FLD or fatty liver disease is often a result of too much alcohol intake, poor eating habits, and unhealthy food choices. There is still not much research and studies to prove that cannabis can damage or cause fatty liver; however, we know that cannabis can be of help.
In recent studies, cannabis has been eyed as a potential healing substance for both AFLD or alcoholic fatty liver disease and NAFLD or non-alcoholic fatty liver disease. Cannabis was proven to promote fibrosis or the development of fibrous connective tissue as an aid to damage. Additionally, because of the anti-inflammatory properties of cannabis, they are also helpful in treating inflammation.
Is cannabis bad for your liver?
There have been enough studies and research to prove that the use of cannabis can create a hindrance in dependency and tolerance. Cannabis, if not properly used, can also cause psychiatric problems, nervous system disorders, poor work and life performance, cardiovascular diseases, and more. However, when used properly and with the guidance of a health care professional or a physician, cannabis can help cure the disorders, as mentioned above.
THC and CBD are among the most studied and most discussed cannabinoids, and variations depend on each strain. Both cannabinoids are typically inhaled or ingested. It is important to note that you take them in moderation to avoid damages to other organs in the body, especially the liver. Cannabis, when taken properly and correctly, will not be a problem for your liver.
Liver cirrhosis and cannabis
There are already studies and journals that showed evidence that the activation of certain endocannabinoid receptors can worsen patients’ health with cirrhosis. On the other hand, activating the different endocannabinoids can also help with liver problems, such as alleviating pain and inflammation and eventually putting positive effects on the patients towards healing and recovery.
It is clear that cannabinoids and the endocannabinoid system can impact the liver from different angles and in different ways. That is why many studies should be done to explore and discover which strain and form of cannabinoids can impact the liver in a good way and which ones can cause further damage. A study on THC, in particular, and liver functions will aid future cases and decisions to improve further cannabis use and liver health for all medicinal and recreational marijuana users.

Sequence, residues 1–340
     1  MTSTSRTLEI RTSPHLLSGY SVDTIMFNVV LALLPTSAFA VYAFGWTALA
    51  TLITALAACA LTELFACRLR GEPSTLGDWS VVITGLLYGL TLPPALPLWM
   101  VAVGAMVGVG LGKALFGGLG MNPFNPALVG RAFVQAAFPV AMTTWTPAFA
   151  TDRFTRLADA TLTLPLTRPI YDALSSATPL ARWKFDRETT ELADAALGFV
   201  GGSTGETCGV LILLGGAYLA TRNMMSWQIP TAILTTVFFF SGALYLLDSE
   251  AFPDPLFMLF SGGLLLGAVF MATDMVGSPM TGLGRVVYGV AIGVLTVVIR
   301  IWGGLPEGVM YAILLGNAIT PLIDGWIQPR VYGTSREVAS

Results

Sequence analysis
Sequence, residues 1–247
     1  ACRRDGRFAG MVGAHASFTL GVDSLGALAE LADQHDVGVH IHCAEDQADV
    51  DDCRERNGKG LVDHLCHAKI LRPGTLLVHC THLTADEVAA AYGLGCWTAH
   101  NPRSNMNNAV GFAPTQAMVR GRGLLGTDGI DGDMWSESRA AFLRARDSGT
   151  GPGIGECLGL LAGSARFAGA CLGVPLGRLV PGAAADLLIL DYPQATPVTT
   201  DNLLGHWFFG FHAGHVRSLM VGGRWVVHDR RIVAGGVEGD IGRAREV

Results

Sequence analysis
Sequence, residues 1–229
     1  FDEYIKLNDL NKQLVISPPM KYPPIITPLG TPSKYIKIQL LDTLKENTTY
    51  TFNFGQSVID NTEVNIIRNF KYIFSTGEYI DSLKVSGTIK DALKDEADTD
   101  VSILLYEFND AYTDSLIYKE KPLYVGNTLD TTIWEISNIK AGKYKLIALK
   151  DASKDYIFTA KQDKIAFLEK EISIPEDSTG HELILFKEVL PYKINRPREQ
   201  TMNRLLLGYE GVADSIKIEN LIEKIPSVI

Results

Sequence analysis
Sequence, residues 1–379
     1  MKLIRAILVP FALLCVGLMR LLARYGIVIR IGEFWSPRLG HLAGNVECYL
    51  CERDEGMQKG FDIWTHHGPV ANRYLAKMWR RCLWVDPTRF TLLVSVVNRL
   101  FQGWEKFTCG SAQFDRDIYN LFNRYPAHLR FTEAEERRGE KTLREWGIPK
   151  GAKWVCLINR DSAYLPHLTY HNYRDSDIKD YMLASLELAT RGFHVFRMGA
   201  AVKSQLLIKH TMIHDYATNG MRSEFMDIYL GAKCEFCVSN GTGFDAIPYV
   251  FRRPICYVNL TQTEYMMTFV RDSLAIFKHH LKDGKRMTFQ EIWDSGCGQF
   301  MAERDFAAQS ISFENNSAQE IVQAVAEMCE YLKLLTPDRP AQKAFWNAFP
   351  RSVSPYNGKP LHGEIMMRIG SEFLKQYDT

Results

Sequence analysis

THC markers have already been studied, through the use of blood chemistry, from a healthy liver. No significant changes were noted aside from an improved liver function because of an elevated THC-Hydroxy level. This study, however, had a very limited scope and coverage because of the small size of the sample and participants; that is why further study is very much recommended.
Cannabis and alcohol abuse
Alcohol-related and drug-related hospitalization and deaths altogether contribute to a large number of dangerous figures in the world. There have been some research rising on whether cannabis use can effectively reduce alcohol abuse to lessen liver disease – unfortunately, the answer is no.
A study surfaced later that those with depression, mentally-ill, and alcohol use disorder turned to use cannabis and have worsened their liver status. The addition of cannabis to their regimen had no positive effect at all. Later on, it became obvious that cannabis users who are also alcohol-dependent or had alcohol use disorder deteriorated a lot more sooner than individuals who chose to opt-out cannabis use.
However, some studies showed that a healthy person without alcohol use disorder using cannabis is more protected from AFLD or alcoholic fatty liver disease, which shows that cannabis is more of a prevention than a cure to alcohol abuse and liver disease.
Cannabis to promote less drinking
Indeed, cannabis or marijuana can help you decrease alcohol intake provided that you still have a healthy liver, and the cannabis intake is done more orally. This is because cannabis, when ingested, can release compounds into the digestive tract with effects that can help you restrain alcohol until it is fully metabolized and absorbed into your bloodstream.
Weed consumption for people with liver disease